Published by Lyn on 11 April 2016
Richard Peace looks at puncture-proof tyre options following the recent launch of Gecko's cellular rubber puncture-proof tyres.
I'd guess that out of the few dozen times I've found myself doing a roadside repair over the past 20 years' cycling, at least half have been punctures.
This might not seem a big enough problem to start thinking about puncture-proof tyres – especially given the advent of modern puncture guards such as Schwalbe's Smartguard – however, truly puncture-proof solid or cellular tyres that make it physically impossible to ever have a puncture hold great allure. Swapping an inner tube or mending a puncture as the light fades in a cold wind is no one's idea of fun. What's more, you could ditch the pump and spare tube and never worry about forgetting them again if you run on puncture-proof.
2015 saw South Korean company Tannus launch a tyre made of foamed polymer which was the first totally puncture-proof tyre to be well-received by reviewers; prior to that, all attempts were universally lambasted for being harsh and unforgiving and with worries about them staying on the rim.
Now Gecko Rubber from the UK have produced their own version of puncture-proof tyres, made from a cellular rubber compound (based on traditional thermoset rubber compounds similar to those being used in conventional pneumatic tyres). They claim to have a softer and grippier ride than Tannus and to be "70% less damaging to the environment than a leading puncture resistant alternative."
What conclusions have I come to having had test rides on both Tannus and Gecko tyres?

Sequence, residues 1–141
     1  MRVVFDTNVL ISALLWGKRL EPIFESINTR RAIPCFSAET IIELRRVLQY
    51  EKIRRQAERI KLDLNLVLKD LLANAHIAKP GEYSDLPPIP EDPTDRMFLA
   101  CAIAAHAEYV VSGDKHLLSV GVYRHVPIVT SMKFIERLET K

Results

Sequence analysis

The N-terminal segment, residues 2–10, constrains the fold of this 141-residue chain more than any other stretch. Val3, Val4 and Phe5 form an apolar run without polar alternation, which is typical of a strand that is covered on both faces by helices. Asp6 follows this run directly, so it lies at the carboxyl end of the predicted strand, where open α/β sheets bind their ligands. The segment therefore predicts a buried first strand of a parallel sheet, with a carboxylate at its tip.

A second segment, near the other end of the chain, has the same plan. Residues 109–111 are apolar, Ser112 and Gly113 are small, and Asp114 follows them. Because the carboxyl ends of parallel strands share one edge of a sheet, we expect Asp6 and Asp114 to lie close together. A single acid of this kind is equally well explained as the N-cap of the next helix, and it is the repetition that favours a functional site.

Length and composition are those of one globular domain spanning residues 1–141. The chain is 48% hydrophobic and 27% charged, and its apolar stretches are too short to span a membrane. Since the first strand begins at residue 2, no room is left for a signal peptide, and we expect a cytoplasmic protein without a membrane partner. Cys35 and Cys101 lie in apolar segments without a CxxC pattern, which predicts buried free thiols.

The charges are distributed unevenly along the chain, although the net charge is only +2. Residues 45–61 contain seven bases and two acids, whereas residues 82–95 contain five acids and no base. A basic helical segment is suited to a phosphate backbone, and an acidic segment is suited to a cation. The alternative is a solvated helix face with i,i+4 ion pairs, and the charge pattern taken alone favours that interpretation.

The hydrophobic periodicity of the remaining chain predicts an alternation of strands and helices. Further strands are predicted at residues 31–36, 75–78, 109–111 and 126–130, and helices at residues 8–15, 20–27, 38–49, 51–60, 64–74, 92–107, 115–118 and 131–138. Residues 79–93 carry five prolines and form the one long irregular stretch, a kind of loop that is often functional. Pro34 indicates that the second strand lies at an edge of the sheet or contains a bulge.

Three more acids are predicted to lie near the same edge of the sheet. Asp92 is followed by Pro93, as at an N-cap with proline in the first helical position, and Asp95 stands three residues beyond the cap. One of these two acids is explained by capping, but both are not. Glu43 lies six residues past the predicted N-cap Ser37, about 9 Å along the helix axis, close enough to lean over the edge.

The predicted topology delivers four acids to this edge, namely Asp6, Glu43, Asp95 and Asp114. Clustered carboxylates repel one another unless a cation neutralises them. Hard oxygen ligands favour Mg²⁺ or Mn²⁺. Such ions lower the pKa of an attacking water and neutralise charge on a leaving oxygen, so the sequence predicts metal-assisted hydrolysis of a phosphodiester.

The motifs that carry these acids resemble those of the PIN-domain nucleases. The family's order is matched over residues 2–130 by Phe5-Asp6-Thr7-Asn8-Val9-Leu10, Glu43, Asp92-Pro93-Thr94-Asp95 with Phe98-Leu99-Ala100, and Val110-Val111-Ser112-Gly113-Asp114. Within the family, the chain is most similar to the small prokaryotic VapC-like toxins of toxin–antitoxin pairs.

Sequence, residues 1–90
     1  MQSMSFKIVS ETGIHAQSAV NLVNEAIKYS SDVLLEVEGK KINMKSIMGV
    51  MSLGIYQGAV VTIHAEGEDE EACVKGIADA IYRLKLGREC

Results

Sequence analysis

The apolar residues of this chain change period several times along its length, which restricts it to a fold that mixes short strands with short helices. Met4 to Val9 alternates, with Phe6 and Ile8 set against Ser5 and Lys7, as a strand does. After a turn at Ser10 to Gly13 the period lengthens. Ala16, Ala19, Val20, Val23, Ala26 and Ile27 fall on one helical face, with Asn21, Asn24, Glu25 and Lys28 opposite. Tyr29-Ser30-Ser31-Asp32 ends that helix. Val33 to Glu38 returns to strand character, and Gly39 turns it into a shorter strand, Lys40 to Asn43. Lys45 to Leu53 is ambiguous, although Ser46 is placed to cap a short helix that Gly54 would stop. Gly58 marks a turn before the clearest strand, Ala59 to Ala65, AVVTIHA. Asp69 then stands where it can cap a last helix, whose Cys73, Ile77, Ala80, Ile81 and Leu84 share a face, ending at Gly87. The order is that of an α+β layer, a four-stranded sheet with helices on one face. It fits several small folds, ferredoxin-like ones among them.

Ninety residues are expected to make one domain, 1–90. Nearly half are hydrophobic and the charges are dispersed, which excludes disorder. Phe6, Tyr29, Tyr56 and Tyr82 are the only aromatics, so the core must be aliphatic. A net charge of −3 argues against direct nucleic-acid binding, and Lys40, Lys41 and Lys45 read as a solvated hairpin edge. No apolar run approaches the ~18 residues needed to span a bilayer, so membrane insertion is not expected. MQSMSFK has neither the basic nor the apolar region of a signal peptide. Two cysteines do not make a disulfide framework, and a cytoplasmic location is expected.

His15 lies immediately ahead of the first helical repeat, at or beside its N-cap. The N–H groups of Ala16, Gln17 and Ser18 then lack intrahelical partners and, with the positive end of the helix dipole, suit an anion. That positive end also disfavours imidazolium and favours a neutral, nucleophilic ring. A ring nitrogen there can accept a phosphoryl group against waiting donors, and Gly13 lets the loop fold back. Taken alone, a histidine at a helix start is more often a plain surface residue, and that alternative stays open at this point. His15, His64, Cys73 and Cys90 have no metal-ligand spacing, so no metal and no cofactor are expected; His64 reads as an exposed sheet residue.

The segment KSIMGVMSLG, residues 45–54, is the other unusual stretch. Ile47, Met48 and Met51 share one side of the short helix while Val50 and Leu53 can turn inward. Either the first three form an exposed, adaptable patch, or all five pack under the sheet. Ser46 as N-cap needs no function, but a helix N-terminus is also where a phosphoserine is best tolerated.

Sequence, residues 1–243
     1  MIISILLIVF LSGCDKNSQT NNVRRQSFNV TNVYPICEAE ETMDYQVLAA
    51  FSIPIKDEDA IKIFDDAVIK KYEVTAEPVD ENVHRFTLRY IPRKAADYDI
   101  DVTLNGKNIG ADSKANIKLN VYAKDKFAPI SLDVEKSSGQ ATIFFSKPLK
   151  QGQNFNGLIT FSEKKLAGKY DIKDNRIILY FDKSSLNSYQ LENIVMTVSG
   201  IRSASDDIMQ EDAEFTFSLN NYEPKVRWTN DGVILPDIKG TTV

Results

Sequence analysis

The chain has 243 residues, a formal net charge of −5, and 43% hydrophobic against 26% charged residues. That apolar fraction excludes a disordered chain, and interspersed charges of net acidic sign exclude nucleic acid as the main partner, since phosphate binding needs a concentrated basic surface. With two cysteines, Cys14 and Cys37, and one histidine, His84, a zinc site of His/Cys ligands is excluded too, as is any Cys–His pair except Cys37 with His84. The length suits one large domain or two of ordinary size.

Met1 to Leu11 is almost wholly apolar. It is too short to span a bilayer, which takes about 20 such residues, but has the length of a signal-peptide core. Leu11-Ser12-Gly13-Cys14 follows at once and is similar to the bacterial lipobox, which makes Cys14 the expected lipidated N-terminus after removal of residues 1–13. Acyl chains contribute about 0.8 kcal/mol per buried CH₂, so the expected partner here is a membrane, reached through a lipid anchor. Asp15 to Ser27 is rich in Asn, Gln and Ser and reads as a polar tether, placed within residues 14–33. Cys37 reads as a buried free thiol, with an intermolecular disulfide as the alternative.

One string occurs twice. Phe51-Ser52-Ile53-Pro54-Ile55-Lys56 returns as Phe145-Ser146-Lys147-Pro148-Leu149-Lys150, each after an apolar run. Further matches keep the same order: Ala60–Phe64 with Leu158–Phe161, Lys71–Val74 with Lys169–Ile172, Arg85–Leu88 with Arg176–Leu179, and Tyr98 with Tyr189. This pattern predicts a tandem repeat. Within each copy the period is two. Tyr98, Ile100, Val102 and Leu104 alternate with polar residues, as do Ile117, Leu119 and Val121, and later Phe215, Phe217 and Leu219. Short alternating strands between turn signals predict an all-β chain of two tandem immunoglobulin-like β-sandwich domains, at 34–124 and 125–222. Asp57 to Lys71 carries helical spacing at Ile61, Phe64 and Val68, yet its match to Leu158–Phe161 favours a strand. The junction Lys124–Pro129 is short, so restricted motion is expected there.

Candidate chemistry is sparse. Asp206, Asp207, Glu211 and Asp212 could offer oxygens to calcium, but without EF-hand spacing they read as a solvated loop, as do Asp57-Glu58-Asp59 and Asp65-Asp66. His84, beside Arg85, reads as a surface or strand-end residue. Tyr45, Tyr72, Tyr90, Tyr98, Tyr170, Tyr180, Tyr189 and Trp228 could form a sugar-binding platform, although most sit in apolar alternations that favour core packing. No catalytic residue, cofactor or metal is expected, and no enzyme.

Their new puncture-proof breed of tyres do mean a harsher ride than pneumatics; it's simply a matter of physics that cannot be overcome, as pneumatics dispel the 'shock' of sharp bumps throughout the whole of the air filled chamber, but puncture-proof tyres take the force of the shock in the immediate area.
Having said that, riding a tyre like Gecko for several weeks convinced me they are acceptably comfortable and safe, despite feeling a little deader than pneumatics and quite a bit harsher over potholes.
It's important to be happy with the fitting process if you intend to do your own maintenance, both for initial fitting and if you need to remove and refit for any kind of spoke or wheel repair. Tannus tyres are undeniably harder than all pneumatics to get onto the rim; indeed I had to resort to the makers to fit them.
Although I haven't tried fitting Geckos, they feel softer and logic says they should be easier. In both cases it is important to make sure your rim width is compatible with the clip fitting system provided by Tannus or Gecko.
So will they revolutionise touring? Probably not in their current form, as for long day rides it's comfort and speed that are the most important tyre qualities (punctureless tyres are estimated to roll up to 10% less efficiently than pneumatics).
The one exception I would look at is electric bike touring on good surfaces, and France's usually high quality road surfaces would be ideal. With electric power available higher rolling resistance is less of an issue.
However they look ideal for short runs; on a hack town bike used over short distances they would be ideal, as they would on city hire bikes. It's these situations where you are most likely to really not want a puncture, going to that appointment or wanting to get your daily jobs done as quick as you can. Gecko say they have used their tyres on rental bikes in public use without a single complaint or problem for a several month trial period.
Conclusion: Whilst they won't suit every rider or every situation, the future definitely looks rosy for punctureless tyres.
Richard Peace is founder of Excellent Books, specialists in cycle publishing. He is author of Cycling Southern France (UK, US), Cycling Northern France (UK, US), and Electric Bicycles: The Complete Guide (UK, US). He is a regular contributor to A to B magazine, Bike Europe and writes for Eurobike Show Daily.